If you can measure a time series of observations at any level of precision in time, and your goal of the study is to identify a relationship between X and Y, is there any empirical justification for choosing a specific level of aggregation over another, or should the choice be simply taken based on theory and/or practical limitations?
I have three sub-questions to this main one:
Is any non-random variation in X or
Y within a larger level sufficient
reasoning to choose a smaller level
of aggregation (where non-random is
any temporal pattern of the
Is any variation in the relationship between X and Y at a smaller level of aggregation sufficient reasoning to justify the smaller unit of analysis? If some variation is acceptable how does one decide how much variation is too much?
Can people cite arguments they feel are compelling/well defined for one unit of analysis over another, either for empirical reasons or for theoretical reasons?
I am well aware of the modifiable area unit problem in spatial analysis (Openshaw 1984). I don't claim to be expert on the material, but all I am to think so far of it is that a smaller unit of analysis is always better, as one is less likely to commit an ecological fallacy (Robinson 1950). If one has a directly pertinent reference or answer concerning aggregation geographical units I would appreciate that answer as well.
My interest in the topic is now about 7 years and resulted in PhD thesis Time series: aggregation, disaggregation and long memory, where attention was paid to a specific question of cross-sectional disaggregation problem for AR(1) scheme.
Working with different approaches to aggregation the first question you need to clarify is what type of data you deal with (my guess is spatial, the most thrilling one). In practice you may consider temporal aggregation (see Silvestrini, A. and Veridas, D. (2008)), cross-sectional (I loved the article by Granger, C. W. J. (1990)) or both time and space (spatial aggregation is nicely surveyed in Giacomini, R. and Granger, C. W. J. (2004)).
Now, answering your questions, I put some rough intuition first. Since the problems I meet in practice are often based on inexact data (Andy's assumption
you can measure a time series of observations at any level of precision in time
seems too strong for macro-econometrics, but good for financial and micro-econometrics or any experimental fields, were you do control the precision quite well) I do have to bear in mind that my monthly time series are less precise than when I work with yearly data. Besides more frequent time series at least in macroeconomics do have seasonal patterns, that may lead to spurious results (seasonal parts do correlate not the series), so you need to seasonally adjust your data – another source of smaller precision for higher frequency data. Working with cross-sectional data revealed that high level of disaggregation brings more problems with probably, lots of zeroes to deal with. For instance, a particular household in the panel of data may purchase a car once per 5-10 years, but aggregated demand for new (used) cars is much smoother (even for a small town or region).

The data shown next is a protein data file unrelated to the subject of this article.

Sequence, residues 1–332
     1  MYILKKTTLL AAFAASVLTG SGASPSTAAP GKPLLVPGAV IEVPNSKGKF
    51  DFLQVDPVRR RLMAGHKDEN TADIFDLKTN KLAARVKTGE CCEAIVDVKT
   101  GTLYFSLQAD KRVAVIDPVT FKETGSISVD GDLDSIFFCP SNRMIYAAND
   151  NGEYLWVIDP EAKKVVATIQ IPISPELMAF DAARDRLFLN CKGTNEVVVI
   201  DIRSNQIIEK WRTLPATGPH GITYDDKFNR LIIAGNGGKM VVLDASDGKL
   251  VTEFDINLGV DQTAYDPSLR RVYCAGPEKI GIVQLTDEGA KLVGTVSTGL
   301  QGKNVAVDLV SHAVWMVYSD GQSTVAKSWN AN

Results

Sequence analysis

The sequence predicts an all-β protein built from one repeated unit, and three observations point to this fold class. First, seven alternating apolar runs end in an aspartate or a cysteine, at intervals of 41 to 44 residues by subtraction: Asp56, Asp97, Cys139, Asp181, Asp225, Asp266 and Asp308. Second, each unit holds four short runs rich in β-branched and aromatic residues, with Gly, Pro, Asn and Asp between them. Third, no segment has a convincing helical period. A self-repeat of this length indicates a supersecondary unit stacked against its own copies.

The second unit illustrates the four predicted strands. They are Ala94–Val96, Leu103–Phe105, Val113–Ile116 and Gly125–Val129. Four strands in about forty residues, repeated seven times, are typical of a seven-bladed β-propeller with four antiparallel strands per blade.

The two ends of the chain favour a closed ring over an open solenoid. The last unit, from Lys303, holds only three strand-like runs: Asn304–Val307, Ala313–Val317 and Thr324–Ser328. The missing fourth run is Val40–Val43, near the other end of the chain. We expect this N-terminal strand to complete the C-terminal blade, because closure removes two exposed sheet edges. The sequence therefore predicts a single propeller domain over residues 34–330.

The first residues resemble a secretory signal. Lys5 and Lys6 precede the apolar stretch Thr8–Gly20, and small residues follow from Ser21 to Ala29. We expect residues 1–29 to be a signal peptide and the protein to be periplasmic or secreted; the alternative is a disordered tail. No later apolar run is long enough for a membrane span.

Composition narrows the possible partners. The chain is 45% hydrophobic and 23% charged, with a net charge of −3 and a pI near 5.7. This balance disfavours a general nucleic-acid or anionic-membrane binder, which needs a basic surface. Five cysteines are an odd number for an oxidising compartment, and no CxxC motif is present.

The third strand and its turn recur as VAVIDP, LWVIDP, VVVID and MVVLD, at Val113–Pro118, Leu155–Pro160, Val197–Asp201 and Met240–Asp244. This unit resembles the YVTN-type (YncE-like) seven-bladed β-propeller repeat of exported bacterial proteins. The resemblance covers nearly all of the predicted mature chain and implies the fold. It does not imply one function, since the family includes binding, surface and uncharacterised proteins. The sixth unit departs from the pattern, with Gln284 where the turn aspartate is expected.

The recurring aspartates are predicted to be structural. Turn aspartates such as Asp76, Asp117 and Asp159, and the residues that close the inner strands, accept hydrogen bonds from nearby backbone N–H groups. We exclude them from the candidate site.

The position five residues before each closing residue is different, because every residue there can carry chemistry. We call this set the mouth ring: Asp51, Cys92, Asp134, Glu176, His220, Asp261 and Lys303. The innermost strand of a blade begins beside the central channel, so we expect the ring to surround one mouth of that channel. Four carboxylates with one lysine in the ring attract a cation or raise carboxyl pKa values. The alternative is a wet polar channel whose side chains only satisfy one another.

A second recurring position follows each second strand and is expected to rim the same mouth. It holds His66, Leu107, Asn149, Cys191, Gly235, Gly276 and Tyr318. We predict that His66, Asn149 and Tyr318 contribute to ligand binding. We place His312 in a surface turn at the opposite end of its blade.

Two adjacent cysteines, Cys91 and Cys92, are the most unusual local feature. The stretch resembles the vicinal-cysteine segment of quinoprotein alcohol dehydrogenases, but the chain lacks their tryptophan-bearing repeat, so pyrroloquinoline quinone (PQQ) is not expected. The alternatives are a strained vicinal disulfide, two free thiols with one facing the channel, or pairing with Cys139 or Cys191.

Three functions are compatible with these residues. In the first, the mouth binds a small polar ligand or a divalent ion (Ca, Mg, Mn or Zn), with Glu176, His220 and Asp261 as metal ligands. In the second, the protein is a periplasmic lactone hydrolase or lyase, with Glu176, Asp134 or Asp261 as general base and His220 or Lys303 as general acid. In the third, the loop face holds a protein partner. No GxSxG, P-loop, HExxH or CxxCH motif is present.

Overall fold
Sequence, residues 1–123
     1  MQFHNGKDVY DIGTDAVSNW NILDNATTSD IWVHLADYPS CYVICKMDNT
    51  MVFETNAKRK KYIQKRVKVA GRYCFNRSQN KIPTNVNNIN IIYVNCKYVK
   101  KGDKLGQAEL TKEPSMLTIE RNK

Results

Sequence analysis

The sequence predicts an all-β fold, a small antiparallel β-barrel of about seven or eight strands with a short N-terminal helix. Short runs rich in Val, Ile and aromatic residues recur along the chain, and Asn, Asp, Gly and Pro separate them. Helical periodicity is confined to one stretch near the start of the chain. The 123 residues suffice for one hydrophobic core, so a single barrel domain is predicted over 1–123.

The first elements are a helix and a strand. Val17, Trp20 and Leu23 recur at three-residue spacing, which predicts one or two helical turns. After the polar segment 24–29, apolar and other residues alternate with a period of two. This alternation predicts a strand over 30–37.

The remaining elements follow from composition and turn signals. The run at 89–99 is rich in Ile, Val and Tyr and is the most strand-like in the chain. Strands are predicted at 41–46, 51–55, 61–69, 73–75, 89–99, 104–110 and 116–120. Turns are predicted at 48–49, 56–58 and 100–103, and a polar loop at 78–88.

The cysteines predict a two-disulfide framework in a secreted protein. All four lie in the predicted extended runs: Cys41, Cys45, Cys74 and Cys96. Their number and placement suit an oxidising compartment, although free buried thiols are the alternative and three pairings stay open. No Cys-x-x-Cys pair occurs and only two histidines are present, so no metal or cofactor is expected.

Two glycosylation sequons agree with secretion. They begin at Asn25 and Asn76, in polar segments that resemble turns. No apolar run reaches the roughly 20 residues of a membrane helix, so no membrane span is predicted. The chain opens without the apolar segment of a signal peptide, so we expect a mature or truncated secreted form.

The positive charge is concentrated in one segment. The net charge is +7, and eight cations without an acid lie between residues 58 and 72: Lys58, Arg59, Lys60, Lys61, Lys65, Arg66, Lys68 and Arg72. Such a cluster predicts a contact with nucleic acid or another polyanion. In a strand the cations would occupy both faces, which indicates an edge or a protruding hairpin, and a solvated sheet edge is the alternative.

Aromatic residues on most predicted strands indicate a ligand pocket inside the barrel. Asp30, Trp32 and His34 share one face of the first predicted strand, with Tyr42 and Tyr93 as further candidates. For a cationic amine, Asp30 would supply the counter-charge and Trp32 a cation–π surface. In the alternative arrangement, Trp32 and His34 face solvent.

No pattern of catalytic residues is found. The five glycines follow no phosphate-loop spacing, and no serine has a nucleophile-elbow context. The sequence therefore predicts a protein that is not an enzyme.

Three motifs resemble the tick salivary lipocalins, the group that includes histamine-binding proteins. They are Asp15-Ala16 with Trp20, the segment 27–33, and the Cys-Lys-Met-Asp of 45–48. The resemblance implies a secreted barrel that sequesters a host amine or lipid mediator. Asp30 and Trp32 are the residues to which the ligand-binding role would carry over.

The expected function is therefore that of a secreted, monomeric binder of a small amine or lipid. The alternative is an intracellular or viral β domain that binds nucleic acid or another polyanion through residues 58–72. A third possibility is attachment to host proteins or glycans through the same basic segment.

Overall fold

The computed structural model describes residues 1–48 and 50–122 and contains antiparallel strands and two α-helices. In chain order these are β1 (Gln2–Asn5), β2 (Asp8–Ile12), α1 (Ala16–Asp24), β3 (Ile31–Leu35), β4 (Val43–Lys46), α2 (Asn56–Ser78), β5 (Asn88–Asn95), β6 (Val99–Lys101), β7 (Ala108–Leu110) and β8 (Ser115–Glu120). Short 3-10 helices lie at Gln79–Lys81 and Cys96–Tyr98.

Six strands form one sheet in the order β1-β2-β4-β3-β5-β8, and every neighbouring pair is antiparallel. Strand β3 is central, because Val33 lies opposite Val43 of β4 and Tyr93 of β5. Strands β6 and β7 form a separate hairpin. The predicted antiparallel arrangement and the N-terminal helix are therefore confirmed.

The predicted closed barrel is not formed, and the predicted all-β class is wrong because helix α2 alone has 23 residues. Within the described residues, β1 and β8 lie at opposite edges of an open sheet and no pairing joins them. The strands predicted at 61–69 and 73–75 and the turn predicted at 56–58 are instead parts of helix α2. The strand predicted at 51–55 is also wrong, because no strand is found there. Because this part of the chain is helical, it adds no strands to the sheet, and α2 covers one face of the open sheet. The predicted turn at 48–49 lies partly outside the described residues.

The weakest point aggregation always results in the loss of information, you may have the GDP produced by the cross-section of EU countries during the whole decade (say period of 2001-2010), but you will loose all the dynamic features that may be present in your analysis considering detailed panel data set. Large scale cross-sectional aggregation may turn to be even more interesting: you, roughly, take simple things (short memory AR(1)) average them over the quite large population and get "representative" long memory agent that resembles none of the micro units (one more stone to the representative agent's concept). So aggregation ~ loss of information ~ different properties of the objects and you would like to take control over the level of this loss and/or new properties. In my opinion, it is better to have precise micro level data at as high frequency as possible, but… there is a usual measurement trade-off, you can't be everywhere perfect and precise 🙂
Technically producing any regression analysis you do need more room (degrees of freedom) to be more or less confident that (at least) statistically your results are not junk, though they still may be a-theoretical and junk 🙂 So I do put equal weights to question 1 and 2 (usually choose quarterly data for the macro-analysis). Answering the 3rd sub-question, all you decide in practical applications what is more important to you: more precise data or degrees of freedom. If you take the mentioned assumption into account the more detailed (or higher frequency) data is preferable.
Probably the answer will be edited latter after some sort of discussion if any.
- Solved – Time series as cross-sectional data
- Solved – Time series as cross-sectional data
- Solved – Difference between econometrics and time series analysis
- Solved – name for applying estimation at a lower level of aggregation, and is it necessarily problematic
- Solved – use OLS to analyse Cross-sectional data